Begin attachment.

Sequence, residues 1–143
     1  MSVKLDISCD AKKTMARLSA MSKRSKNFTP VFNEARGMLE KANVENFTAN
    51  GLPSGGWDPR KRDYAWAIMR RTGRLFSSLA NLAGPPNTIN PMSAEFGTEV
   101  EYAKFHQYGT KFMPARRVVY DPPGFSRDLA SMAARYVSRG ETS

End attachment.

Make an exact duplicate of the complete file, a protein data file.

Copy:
Sequence, residues 1–143
     1  MSVKLDISCD AKKTMARLSA MSKRSKNFTP VFNEARGMLE KANVENFTAN
    51  GLPSGGWDPR KRDYAWAIMR RTGRLFSSLA NLAGPPNTIN PMSAEFGTEV
   101  EYAKFHQYGT KFMPARRVVY DPPGFSRDLA SMAARYVSRG ETS